For this deal, Microsoft purchased a CP/M clone called 86-DOS from Seattle Computer Products, which it branded as MS-DOS, though IBM rebranded it to PC DOS. Following the release of the IBM PC in August 1981, Microsoft retained ownership of MS-DOS. Since IBM had copyrighted the IBM PC BIOS, other companies had to reverse engineer it in order for non-IBM hardware to run as IBM PC compatibles, but no such restriction applied to the operating systems. Due to various factors, such as MS-DOS's available software selection, Microsoft became the leading PC operating systems vendor; the company expanded into new markets with the release of the Microsoft Mouse in 1983, as well as with a publishing division named Microsoft Press. Paul Allen resigned from Microsoft in 1983 after developing Hodgkin's disease. Allen claimed that Gates wanted to dilute his share in the company when he was diagnosed with Hodgkin's disease because he didn't think he was working hard enough. After leaving Microsoft, Allen lost billions of dollars on ill-conceived or mistimed technology investments.
He invested in low-tech sectors, sports teams, commercial real estate. Despite having begun jointly developing a new operating system, OS/2, with IBM in
Kubernetes is an open-source container orchestration system for automating application deployment and management. It was designed by Google, is now maintained by the Cloud Native Computing Foundation, it aims to provide a "platform for automating deployment and operations of application containers across clusters of hosts". It works with a range including Docker. Many cloud services offer a Kubernetes-based platform or infrastructure as a service on which Kubernetes can be deployed as a platform-providing service. Many vendors provide their own branded Kubernetes distributions. Kubernetes was founded by Joe Beda, Brendan Burns and Craig McLuckie, who were joined by other Google engineers including Brian Grant and Tim Hockin, was first announced by Google in mid-2014, its development and design are influenced by Google's Borg system, many of the top contributors to the project worked on Borg. The original codename for Kubernetes within Google was Project Seven of Nine, a reference to a Star Trek character, a "friendlier" Borg.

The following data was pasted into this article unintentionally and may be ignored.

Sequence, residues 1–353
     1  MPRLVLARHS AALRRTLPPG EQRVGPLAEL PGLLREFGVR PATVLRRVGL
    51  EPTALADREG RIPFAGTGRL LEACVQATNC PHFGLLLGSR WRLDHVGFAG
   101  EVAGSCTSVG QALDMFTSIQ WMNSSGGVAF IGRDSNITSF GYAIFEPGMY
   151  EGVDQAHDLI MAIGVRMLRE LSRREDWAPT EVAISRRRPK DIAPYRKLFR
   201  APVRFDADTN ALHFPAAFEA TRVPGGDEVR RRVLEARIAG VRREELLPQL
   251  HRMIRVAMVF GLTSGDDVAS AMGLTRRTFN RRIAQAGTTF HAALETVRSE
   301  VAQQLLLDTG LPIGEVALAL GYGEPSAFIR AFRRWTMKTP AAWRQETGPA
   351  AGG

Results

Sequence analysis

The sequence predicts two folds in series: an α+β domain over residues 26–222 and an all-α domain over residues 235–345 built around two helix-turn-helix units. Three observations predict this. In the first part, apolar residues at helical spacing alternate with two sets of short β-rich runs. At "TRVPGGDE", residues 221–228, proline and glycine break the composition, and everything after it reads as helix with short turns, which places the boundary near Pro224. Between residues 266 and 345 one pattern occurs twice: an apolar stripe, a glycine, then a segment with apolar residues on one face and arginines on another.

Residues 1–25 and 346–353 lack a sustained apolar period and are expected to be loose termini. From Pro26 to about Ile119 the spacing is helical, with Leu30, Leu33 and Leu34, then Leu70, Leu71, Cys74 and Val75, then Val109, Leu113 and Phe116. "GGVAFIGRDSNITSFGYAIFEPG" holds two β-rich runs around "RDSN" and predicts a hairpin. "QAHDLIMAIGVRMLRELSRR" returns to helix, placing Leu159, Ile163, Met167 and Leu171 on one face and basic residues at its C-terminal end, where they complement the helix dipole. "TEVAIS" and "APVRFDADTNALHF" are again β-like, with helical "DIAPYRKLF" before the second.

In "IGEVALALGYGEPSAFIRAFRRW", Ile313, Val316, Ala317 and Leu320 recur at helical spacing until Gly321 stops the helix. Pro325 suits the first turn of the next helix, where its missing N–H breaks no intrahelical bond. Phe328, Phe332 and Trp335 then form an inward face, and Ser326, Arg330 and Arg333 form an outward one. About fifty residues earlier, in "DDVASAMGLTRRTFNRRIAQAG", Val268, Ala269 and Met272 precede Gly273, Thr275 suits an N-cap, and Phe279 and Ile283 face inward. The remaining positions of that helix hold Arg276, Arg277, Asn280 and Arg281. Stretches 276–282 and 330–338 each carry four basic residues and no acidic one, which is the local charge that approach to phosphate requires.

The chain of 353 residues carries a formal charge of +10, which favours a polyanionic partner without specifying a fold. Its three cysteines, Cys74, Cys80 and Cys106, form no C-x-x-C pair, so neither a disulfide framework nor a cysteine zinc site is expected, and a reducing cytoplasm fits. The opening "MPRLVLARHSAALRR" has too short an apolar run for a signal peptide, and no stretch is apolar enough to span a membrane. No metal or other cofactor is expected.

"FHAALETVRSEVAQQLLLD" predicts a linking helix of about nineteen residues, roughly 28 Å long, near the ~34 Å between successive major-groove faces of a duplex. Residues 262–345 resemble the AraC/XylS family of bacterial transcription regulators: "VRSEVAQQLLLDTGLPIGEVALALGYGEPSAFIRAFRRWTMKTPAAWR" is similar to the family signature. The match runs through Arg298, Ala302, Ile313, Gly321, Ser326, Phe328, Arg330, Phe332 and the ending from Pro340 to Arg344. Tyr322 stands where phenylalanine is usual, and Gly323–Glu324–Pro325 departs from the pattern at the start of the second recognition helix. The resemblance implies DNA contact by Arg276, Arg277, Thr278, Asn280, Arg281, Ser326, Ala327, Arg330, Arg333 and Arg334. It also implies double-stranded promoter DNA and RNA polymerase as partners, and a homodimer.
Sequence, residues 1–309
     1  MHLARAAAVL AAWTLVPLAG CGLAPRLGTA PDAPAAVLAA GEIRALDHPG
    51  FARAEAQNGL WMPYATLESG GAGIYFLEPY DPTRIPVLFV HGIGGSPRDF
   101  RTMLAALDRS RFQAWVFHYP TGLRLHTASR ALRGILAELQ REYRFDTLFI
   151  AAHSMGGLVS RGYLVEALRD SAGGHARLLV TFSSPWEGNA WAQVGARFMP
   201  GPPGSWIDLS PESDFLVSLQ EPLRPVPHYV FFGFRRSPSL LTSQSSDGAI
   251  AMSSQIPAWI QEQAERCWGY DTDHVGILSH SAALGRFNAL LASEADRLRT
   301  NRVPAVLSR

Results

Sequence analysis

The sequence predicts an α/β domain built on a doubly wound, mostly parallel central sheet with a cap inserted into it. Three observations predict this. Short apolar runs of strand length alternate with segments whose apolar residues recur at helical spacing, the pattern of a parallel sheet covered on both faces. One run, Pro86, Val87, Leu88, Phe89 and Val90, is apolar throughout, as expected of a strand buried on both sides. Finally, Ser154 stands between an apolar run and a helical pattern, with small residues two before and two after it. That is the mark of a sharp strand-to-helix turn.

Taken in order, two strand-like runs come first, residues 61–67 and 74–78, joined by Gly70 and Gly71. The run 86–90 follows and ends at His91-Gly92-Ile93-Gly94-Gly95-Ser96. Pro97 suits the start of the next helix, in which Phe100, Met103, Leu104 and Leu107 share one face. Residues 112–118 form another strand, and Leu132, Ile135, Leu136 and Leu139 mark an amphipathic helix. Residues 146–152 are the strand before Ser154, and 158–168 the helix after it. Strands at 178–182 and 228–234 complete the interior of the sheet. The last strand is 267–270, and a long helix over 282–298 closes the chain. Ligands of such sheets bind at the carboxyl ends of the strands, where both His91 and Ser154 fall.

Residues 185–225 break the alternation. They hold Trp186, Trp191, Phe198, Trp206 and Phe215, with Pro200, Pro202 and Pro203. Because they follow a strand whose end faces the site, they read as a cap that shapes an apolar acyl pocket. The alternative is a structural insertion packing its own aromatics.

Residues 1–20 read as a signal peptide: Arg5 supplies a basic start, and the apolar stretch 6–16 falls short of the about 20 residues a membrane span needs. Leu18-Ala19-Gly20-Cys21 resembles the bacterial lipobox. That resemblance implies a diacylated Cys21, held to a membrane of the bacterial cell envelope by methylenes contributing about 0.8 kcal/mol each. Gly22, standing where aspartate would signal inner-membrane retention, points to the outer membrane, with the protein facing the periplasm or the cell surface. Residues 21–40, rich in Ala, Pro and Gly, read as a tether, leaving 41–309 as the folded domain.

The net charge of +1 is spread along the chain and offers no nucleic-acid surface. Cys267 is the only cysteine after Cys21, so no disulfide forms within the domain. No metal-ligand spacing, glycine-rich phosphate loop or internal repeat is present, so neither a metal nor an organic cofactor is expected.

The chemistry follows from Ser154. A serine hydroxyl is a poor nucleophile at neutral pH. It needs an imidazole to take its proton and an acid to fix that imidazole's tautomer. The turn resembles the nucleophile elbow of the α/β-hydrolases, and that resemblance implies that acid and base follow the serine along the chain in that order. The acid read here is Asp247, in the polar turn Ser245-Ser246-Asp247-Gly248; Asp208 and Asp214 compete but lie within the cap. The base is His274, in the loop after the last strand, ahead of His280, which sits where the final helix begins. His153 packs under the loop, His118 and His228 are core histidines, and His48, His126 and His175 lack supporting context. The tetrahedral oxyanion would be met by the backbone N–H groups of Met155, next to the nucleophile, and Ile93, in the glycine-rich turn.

The seven spokes on the wheel of the Kubernetes logo are a reference to that codename. The original Borg project was written in C++, but the rewritten Kubernetes system is implemented in Go. Kubernetes v1.0 was released on July 21, 2015. Along with the Kubernetes v1.0 release, Google partnered with the Linux Foundation to form the Cloud Native Computing Foundation and offered Kubernetes as a seed technology. On March 6, 2018, Kubernetes Project reached ninth place in commits at GitHub, second place in authors and issues to the Linux kernel. Kubernetes defines a set of building blocks, which collectively provide mechanisms that deploy and scale applications based on CPU, memory or custom metrics. Kubernetes is loosely extensible to meet different workloads; this extensibility is provided in large part by the Kubernetes API, used by internal components as well as extensions and containers that run on Kubernetes.. The platform exerts its control over compute and storage resources by defining resources as Objects, which can be managed as such.
The key objects are: The basic scheduling unit in Kubernetes is a pod. It adds a higher level of abstraction by grouping containerized components. A pod consists of one or more containers that are guaranteed to be co-located on the host machine and can share resources; each pod in Kubernetes is assigned a unique Pod IP address within the cluster, which allows applications to use ports without the risk of conflict. Within the pod, all containers can reference each other on localhost, but a container within one pod has no way of directly addressing another container within another pod. An application developer should never use the Pod IP Address though, to reference / invoke a capability in another pod, as Pod IP addresses are ephemeral - the specific pod that they are referencing may be assigned to another Pod IP address on restart. Instead, they should use a reference to a Service, which holds a reference to the target pod at the specific Pod IP Address. A pod can define a volume, such as a local disk directory or a network disk, expose it to the containers in the pod.
Pods can be managed manually through the Kubernetes API, or their management can be delegated to a controller. Such volumes are the basis for the Kubernetes features of ConfigMaps and Secrets. A Kubernetes service is a set of pods that work together, such as one tier of a multi-tier application; the set of pods that constitute a service are defined by a label selector. Kubernetes provides two modes of service discovery, using environmental variables or using Kubernetes DNS. Service discovery assigns a stable IP address and DNS name to the service, load balances traffic in a round-robin manner to network connections of that IP address among the pods matching the selector. By default a service is exposed inside a cluster, but a service can be exposed outside a cluster. Filesystems in the Kubernetes container provide ephemeral storage, by default; this means that a restart of the container will wipe out any data on such containers, therefore, this form of storage is quite limiting in anything but trivial applications.
A Kubernetes Volume provides persistent storage. This storage can be used as shared disk space for containers within the pod. Volumes are mounted at specific mount points within the container, which are defined by the pod configuration, cannot mount onto other volumes or link to other volumes; the same volume can be mounted at different points in the filesystem tree by different containers. Kubernetes provides a partitioning of the resources it manages into non-overlapping sets called namespaces, they are intended for use in environments with many users spread across multiple teams, or projects, or separating environments like development and production. Kubernetes provides some mechanisms that allow one to select, or manipulate its objects. Kubernetes enables clients to attach key-value pairs called "labels" to any API object in the system, such